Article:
Jim Broderick looks at the crisis management of two moments when the spectre of nuclear war shadowed relations between the superpowers
The status of Berlin had been an ongoing problem to the Allies since the conferences of Yalta and Potsdam in 1945 when the `Big Three' (Britain, the United States and the Soviet Union) had agreed to divide the defeated Germany into four occupied zones. They also split Berlin, which was located some 110 miles inside the Soviet zone, into four sectors each governed by a military commander from the respective victorious powers. But divisions among the Allies soon emerged concerning the future of Germany in general and Berlin in particular. Instead of treating Germany as a single economic entity -- as decided at Potsdam -- the Soviet Union governed its zone as if it were an independent unit and opposed Western moves for German reunification along democratic lines.
These disagreements led to the first of the Berlin crises, when in March 1948 the Soviet Union announced a series of measures aimed at curbing access to West Berlin, culminating in the suspension of all rail passenger and freight traffic on June 24th. The ostensible reason for the Soviet blockade was in response to plans for currency union in the newly merged Western sector, but its deeper purpose was to test the commitment of the US to West Berlin. In response, President Truman applied counter-sanctions to Eastern Germany and undertook a massive operation to supply West Berlin by air. The next few months witnessed futile diplomatic negotiations, but the airlift and counter-blockade did eventually cause the Soviet leadership to reconsider its strategy and on May 4th, 1949, after a series of secret meetings of their ambassadors at the UN, the two superpowers agreed to a mutual lifting of restrictions.
Nevertheless, Berlin remained a thorn in the side of US-Soviet relations and the next ten years witnessed an increasing isolation of the Eastern and Western sectors from each other. Then, suddenly in 1958, Soviet premier Khrushchev precipitated the second Berlin crisis when he demanded that a formal German peace treaty be negotiated which legitimised the permanent division of Germany and transformed West Berlin into a `demilitarised free city'. Moreover, he insisted that the transformation be completed within six months or the Soviet Union would seek an independent solution.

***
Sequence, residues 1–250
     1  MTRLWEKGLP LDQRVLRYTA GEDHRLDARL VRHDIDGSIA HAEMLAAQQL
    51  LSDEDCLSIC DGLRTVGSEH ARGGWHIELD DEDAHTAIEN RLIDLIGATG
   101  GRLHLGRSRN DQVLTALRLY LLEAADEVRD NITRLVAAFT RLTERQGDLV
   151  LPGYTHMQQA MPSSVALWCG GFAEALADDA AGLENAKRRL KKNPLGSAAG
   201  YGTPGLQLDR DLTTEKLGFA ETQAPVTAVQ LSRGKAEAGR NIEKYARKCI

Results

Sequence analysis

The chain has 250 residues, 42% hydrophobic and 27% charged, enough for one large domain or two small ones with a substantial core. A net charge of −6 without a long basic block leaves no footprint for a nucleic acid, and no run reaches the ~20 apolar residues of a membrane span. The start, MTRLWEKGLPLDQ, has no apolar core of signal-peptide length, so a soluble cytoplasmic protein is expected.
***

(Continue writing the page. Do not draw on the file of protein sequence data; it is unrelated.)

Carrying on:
President Eisenhower rejected the demands, observing the United States did not recognise the Eastern German regime and, therefore, could not conclude any separate agreement with it; thus Allied routes and access to Berlin were still governed by agreements concluded at the end of the Second World War. In May 1959 the two sides met in Geneva to hammer out a compromise. However, a stalemate resulted in which the Soviet Union insisted that the Berlin question must be resolved within the next eighteen months. Already, it seems, the Soviet leaders were eyeing the prospect of a new, inexperienced president succeeding Eisenhower.
Having tied his personal prestige to removing this `splinter from the heart of Europe', Khrushchev used his first meeting with newly-elected J.F. Kennedy at the June 1961 summit meeting in Vienna to restate his position on Berlin. On the second day, the Soviet leader told Kennedy a formal end to the Second World War was needed and recognition should be given to the existence of two separate Germanies. If the Allies could not agree to such a position, the Soviet Union would act unilaterally and sign a peace treaty with East Germany. This would mean an end to the state of war which still existed on paper, abrogating those commitments arising from the terms of the German surrender -- including occupation rights, access to West Berlin and the use of land corridors through East Germany. Kennedy responded that Berlin was of the highest concern for the United States and a key national security issue. To lose the right of access would undermine the credibility of US commitments elsewhere and put an end to any hope of German reunification. …